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Gingerbread Bundt Cake, a spicy wintry treat

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I found myself with a craving for a gingerbread Bundt cake.

I had never actually made one before, but I had a clear picture in my head of what I wanted it to be.

It needed to be fierce with the spices with enough ginger that you could feel the heat. But the ginger had to be balanced with a mix of other warm baking spaces for it to have a pleasing complexity.

Ginger root, ground ginger, whole nutmeg, cinnamon, cloves

It had to be rich with molasses with a moist, tender crumb.

And it had to be easy. (Easier than my favorite soft gingerbread cookies.)

I didn’t want to have to soften butter or reach for the stand mixer or sugar cranberries or make a complicated icing.

Flour and spices in a mixing bowl

It’s not that there’s anything wrong with those things. I love a good over-the-top dessert as much as the next person.

But I wanted this to be homey and comforting as a pair of fuzzy slippers.

A gingerbread Bundt cake for when you want baking to be relaxing and unfussy.

Eggs, molasses, safflower oil, dark brown sugar in bowls

And I’m happy to say I got what I was going for with this one.

The spice situation involves both fresh ginger and ground ginger, along with a generous hit of cinnamon and a bit of nutmeg and cloves and black pepper to make things interesting.

Pouring molasses into the bowl of wet ingredients

(The hardest part of making this cake is probably grating the fresh ginger, which is easier with a ceramic ginger grater or microplane zester.)

Unlike some recipes, I didn’t want to have to open a bottle of porter or stout and be left with a weird amount of beer leftover, especially since I like to do much of my baking in the morning.

Mixing bowl of wet ingredients next to mixing bowl of dry ingredients

But I did like the idea of using something more flavorful than hot water that some recipes use instead.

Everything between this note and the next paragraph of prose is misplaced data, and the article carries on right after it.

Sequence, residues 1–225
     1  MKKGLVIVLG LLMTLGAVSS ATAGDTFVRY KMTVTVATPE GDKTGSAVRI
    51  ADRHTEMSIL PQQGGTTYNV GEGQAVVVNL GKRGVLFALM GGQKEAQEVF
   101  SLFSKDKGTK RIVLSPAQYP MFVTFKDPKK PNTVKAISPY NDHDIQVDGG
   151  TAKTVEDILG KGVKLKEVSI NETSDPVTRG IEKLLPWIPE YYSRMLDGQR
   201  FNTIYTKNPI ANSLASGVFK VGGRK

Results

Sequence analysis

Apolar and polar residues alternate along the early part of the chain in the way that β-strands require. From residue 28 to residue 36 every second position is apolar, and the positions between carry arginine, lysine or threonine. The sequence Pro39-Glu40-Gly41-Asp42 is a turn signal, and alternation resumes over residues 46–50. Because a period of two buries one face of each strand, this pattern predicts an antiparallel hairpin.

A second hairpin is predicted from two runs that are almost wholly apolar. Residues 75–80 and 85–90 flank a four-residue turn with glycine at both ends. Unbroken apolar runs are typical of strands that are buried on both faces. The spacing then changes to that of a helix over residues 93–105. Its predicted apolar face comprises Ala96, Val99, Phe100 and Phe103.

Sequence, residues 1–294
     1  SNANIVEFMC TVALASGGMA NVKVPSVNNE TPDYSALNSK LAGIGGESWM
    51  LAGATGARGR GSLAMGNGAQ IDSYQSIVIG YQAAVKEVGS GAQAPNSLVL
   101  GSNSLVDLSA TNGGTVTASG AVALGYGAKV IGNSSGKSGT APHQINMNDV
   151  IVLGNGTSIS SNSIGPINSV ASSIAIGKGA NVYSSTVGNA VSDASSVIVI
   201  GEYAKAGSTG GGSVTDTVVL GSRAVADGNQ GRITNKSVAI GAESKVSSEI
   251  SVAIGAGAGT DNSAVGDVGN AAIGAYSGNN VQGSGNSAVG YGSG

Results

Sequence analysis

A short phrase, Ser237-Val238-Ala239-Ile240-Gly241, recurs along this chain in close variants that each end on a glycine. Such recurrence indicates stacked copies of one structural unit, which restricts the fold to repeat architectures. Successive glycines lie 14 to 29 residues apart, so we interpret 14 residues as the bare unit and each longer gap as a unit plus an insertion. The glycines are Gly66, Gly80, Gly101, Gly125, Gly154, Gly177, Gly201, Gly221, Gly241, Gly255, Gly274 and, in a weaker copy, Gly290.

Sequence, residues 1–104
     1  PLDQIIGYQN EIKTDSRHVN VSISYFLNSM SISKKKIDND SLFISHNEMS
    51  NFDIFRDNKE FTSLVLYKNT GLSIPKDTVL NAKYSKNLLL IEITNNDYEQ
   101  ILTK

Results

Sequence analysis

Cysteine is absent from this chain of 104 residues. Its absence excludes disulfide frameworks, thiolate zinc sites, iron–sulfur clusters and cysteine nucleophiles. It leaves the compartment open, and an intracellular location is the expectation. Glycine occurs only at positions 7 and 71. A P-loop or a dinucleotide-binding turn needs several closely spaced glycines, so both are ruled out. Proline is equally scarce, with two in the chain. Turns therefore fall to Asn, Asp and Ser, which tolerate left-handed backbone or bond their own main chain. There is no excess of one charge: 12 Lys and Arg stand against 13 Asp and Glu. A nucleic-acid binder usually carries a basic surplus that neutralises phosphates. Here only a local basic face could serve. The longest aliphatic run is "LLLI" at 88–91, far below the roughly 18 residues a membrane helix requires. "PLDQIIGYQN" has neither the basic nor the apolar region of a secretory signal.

This one uses hot coffee to melt the molasses into a whiskable consistency while adding a complementary flavor to the mix.

You don’t necessarily notice the coffee in the final flavor—it’s subtle—but it plays well with the molasses and spices here.

Pouring gingerbread batter into a Bundt cake pan

I avoid the need for a mixer by using a neutral oil instead of butter in this one. The oil gives the cake a delightful texture I just love.

The whole thing is easily mixed by hand in a couple of bowls.

Then you just have to be sure to butter and flour your Bundt pan or use a good baking spray with flour (my favorite is Baker’s Joy) before pouring the thin batter into the pan.

Gingerbread Bundt cake on a cooling rack

(It would be a shame to let a chunk of cake stick to the pan.)

Then after the cake cools a bit, it gets topped with a shower of powdered sugar giving the cake a look reminiscent of a snow-capped mountain.

It’s worthy of a holiday feast, but simple enough to throw together on any cold weekend when you want to turn on the oven and make the kitchen smell amazing.

Gingerbread Bundt Cake being dusted with powdered sugar
Yield: 1 10-inch Bundt cake

Gingerbread Bundt Cake

Gingerbread Bundt Cake

This gingerbread Bundt cake is generously spiced with a noticeable ginger kick from the combination of fresh ginger and ground ginger. The mixing of cinnamon, nutmeg, cloves, and black pepper round out the spice profile.